Who cares about brief­ings? Trump wants the money

Cecil Whig - - A••END A FREE - Ann McFeatte

WASH­ING­TON

— The half of Amer­ica that has not been bam­boo­zled by Don­ald Trump’s prom­ises to pull mir­a­cles out of his or­ange bouf­fant are puz­zled by his re­fusal to at­tend na­tional se­cu­rity brief­ings.

You’d think a 70-year-old man without gov­ern­ment ex­pe­ri­ence or knowl­edge of world af­fairs would be in­trigued to learn the na­tion’s se­crets and the ra­tio­nales for its for­eign pol­icy de­ci­sions.

Soon, af­ter all, Pres­i­dent-elect Trump will be re­spon­si­ble for con­tin­u­ing those de­ci­sions or re­vok­ing them.

But in­stead of study­ing up, it’s clear he in­tends to rely on re­tired Army Lt. Gen. Michael Flynn, who will be na­tional se­cu­rity ad­viser, typ­i­cally the first aide to see the pres­i­dent in the morn­ing and last to see him at night. Yes, the same gen­eral who retweeted fake news sto­ries and long-de­bunked con­spir­acy the­o­ries and whose son went so far over the line do­ing the same thing that he was ousted this week from Trump’s tran­si­tion team.

The el­der Flynn has re­cir­cu­lated bo­gus, non­sen­si­cal ac­cu­sa­tions, such as Hil­lary Clin­ton be­ing in­volved in child sex traf­fick­ing and se­cretly war­ring against the Catholic Church. By the way, the gen­eral does not need Se­nate con­fir­ma­tion.

When it comes to the vi­tal post of sec­re­tary of state, Trump’s in­ter­view­ing of can­di­dates has been all over the map. Does he even know what he wants in such a diplo­mat? Trump seems to rel­ish mak­ing peo­ple jump through hoops be­fore hu­mil­i­at­ing them.

One thing the world does have more cer­tainty over is that Trump broke with the decades­old One China pol­icy by tak­ing a phone call from Tai­wan’s new pres­i­dent, in­fu­ri­at­ing China, which is likely to think twice be­fore help­ing us con­tain North Korea’s nu­clear am­bi­tions.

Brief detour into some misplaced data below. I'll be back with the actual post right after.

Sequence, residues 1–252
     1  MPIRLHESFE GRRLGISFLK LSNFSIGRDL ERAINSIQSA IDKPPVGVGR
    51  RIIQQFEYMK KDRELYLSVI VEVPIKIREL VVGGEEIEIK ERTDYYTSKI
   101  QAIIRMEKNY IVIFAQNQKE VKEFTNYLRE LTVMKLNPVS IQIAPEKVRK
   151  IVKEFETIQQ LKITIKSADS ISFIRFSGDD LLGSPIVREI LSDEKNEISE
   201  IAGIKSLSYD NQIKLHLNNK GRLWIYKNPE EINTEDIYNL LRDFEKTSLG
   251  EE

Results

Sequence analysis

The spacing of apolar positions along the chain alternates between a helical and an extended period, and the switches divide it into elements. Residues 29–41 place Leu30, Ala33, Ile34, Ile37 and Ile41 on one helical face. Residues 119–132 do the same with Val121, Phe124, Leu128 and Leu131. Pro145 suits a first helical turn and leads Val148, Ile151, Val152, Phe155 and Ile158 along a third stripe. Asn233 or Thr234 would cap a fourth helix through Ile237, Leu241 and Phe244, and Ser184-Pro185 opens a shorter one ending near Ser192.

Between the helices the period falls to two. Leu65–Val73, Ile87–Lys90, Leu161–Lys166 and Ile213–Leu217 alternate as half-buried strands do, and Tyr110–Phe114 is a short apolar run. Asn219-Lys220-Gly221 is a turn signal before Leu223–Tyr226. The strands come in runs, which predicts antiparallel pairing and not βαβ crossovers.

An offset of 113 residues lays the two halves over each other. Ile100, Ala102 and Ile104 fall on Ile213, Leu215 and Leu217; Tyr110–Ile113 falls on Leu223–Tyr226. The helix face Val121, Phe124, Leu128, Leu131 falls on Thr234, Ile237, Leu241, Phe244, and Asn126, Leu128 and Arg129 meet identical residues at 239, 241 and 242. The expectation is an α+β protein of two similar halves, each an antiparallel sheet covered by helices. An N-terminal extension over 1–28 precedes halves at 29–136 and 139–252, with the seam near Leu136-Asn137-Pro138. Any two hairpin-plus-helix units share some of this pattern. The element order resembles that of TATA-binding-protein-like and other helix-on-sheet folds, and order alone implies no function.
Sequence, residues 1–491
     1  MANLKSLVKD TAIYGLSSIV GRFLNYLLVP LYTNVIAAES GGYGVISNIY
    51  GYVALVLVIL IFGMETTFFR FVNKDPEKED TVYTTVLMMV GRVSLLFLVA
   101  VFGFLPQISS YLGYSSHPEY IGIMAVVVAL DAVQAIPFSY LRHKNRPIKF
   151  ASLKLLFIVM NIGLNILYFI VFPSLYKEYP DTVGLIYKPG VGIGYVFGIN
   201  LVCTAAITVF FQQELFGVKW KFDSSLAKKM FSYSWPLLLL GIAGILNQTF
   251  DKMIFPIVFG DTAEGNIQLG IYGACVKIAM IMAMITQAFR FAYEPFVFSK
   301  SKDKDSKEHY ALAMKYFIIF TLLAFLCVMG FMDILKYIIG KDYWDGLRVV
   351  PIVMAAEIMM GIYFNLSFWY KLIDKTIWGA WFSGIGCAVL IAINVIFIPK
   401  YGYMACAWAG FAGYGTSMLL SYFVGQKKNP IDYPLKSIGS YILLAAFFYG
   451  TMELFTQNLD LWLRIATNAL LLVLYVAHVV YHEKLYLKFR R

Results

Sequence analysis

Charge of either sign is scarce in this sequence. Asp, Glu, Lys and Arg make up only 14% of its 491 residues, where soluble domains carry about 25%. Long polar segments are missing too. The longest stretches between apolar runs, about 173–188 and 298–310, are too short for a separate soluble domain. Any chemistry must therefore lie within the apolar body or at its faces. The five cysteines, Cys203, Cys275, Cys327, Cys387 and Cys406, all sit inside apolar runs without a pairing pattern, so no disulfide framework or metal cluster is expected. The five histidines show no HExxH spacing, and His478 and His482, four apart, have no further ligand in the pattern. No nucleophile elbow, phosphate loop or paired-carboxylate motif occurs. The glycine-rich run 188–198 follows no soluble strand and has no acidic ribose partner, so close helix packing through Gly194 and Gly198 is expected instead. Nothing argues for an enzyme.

Ditto Trump’s White House in­vi­ta­tion to the Philip­pines’ pres­i­dent, who has in­sulted Pres­i­dent Barack Obama and has or­dered the killings of thou­sands of peo­ple in his home­land.

And the same again for mak­ing nice with Pak­istan, a nu­clear power that hid Osama bin Laden. Trump’s over­ture in­fu­ri­ated In­dia, an­other nu­clear power.

Is Trump plan­ning megadeals with Tai­wan? He has openly spec­u­lated about do­ing ho­tel deals there, and many fat-cat Repub­li­cans have been long­ing for nor­mal­ized re­la­tions.

Rus­sia? Trump still re­fuses to be­lieve U.S. in­tel­li­gence agen­cies that say Rus­sia — in other words, Vladimir Putin — in­ten­tion­ally in­ter­fered in the elec­tion.

Just how many po­ten­tial con­flicts of in­ter­est are there?

Trump an­nounced that Ja­pan’s rich­est man will in­vest $50 bil­lion in the United States, with much of the money ac­tu­ally com­ing from Saudi Ara­bia. It’s all about profit.

We tax­pay­ers are pay­ing Trump to sleep in his own bed at night. We pay for his of­fice space. We pay for the fuel for his plane and his mo­tor­cades.

Dump­ing some stock was peanuts for him. What about his busi­ness em­pire? No mat­ter what he says, money is his bot­tom line.

When Trump’s daugh­ter Ivanka joined him for a meet­ing with the Ja­panese prime min­is­ter, she was also work­ing out a lu­cra­tive deal for a new busi­ness in Ja­pan.

That’s not to men­tion that Trump owes huge sums of money to the largest Ger­man bank and the Bank of China, both of which want fa­vors.

Trump seems glee­ful that U.S. al­lies are in panic mode try­ing to fig­ure out what his in­ten­tions are.

Hur­rah, shout his sup­port­ers, who think it’s fine for their pop­ulist idol to blow up years of care­fully crafted Amer­i­can for­eign pol­icy.

We’re sup­posed to have one pres­i­dent at a time. Trump could at least wait un­til he’s in­au­gu­rated to throw bombs.

Trump also in­tends to can­cel Boe­ing’s con­tract to plan the next Air Force One fleet, which would re­place the two 26-year-old planes cur­rently in use. He has a per­sonal beef with Boe­ing, the only Amer­i­can man­u­fac­turer of large planes.

But he’s wrong that one plane will cost $4 bil­lion. Each could end up cost­ing $1.7 bil­lion, but Air Force One planes aren’t or­di­nary. They con­tain all the state-ofthe-art tech­nol­ogy that’s needed to pro­tect the pres­i­dent wher­ever he travels around the globe. Be­sides, the new planes will take years to de­velop; Trump is un­likely to ever ride in one.

We also now know Trump wants to pri­va­tize gov­ern­ment pro­grams such as Medi­care. Who would ben­e­fit? His rich friends?

Be­hind the Trump blus­ter is a shrewd busi­ness­man who will profit from the pres­i­dency even though that’s un­con­sti­tu­tional.

Fel­low cit­i­zens, three words: Fol­low the money. And while you’re at it, be vig­i­lant. Very vig­i­lant.

A democ­racy can be­come an oli­garchy in a flash. Ig­nor­ing in­tel­li­gence brief­ings is a start.

Ann McFeat­ters is a colum­nist for Tri­bune News Service. Read­ers may send her email at am­cfeat­ters@na­tion­al­press.com.

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